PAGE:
Yet for that opportunity to be fulfilled, we in the West must provide the right kind of encouragement. Just as the city of Boston was once the cradle of a new ideal of liberty, we need to return to our roots by becoming once again a beacon of free thought and civility for the 21st century. When there is injustice, we need to speak out, not simply with condemnation, but with concrete actions.
One of the best places to do that is in our institutions of higher learning. We need to make our universities temples not of dogmatic orthodoxy, but of truly critical thinking, where all ideas are welcome and where civil debate is encouraged. I'm used to being shouted down on campuses, so I am grateful for the opportunity to address you today. I do not expect all of you to agree with me, but I very much appreciate your willingness to listen.
I stand before you as someone who is fighting for women's and girls' basic rights globally. And I stand before you as someone who is not afraid to ask difficult questions about the role of religion in that fight.
The connection between violence, particularly violence against women, and Islam is too clear to be ignored. We do no favors to students, faculty, nonbelievers and people of faith when we shut our eyes to this link, when we excuse rather than reflect.
So I ask: Is the concept of holy war compatible with our ideal of religious toleration? Is it blasphemy—punishable by death—to question the applicability of certain seventh-century doctrines to our own era? Both Christianity and Judaism have had their eras of reform. I would argue that the time has come for a Muslim Reformation.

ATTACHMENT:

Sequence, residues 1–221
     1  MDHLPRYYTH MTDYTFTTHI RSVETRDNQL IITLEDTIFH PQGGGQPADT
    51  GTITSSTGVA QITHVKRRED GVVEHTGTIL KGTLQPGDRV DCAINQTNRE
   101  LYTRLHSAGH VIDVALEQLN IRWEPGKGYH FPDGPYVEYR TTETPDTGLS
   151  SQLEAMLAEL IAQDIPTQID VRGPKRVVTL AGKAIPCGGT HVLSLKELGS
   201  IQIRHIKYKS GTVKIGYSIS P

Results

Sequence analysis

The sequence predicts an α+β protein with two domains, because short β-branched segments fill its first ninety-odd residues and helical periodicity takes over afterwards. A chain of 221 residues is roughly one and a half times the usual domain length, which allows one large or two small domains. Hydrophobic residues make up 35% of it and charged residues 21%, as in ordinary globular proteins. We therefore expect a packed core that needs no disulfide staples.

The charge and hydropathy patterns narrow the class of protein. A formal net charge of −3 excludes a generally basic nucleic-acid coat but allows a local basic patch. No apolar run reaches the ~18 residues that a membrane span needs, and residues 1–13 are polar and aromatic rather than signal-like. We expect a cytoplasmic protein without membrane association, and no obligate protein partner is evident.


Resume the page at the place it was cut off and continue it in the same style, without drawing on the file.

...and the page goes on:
Is such an argument inadmissible? It surely should not be at a university that was founded in the wake of the Holocaust, at a time when many American universities still imposed quotas on Jews.
The motto of Brandeis University is "Truth even unto its innermost parts." That is my motto too. For it is only through truth, unsparing truth, that your generation can hope to do better than mine in the struggle for peace, freedom and equality of the sexes.
Ms. Hirsi Ali is the author of "Nomad: My Journey from Islam to America" (Free Press, 2010). She is a fellow at the Belfer Center of Harvard's Kennedy School and a visiting fellow at the American Enterprise Institute.
Dear President Lawrence:
As a scholar whose 1981 PhD comes from Brandeis, I read the news that you rescinded the offer of an honorary degree to Ayaan Hirsi Ali with particular disgust and anger. Your decision is an act of cowardice and appeasement to those 85 faculty members who signed their document of intolerance, and it has done deep and long-lasting damage to a university whose very existence is predicated on redressing the damage that discrimination within the academy had done to American Jews for so many years. Unless you can find some way to repair the damage you have done, I will not identify with or support Brandeis as long as you are its President.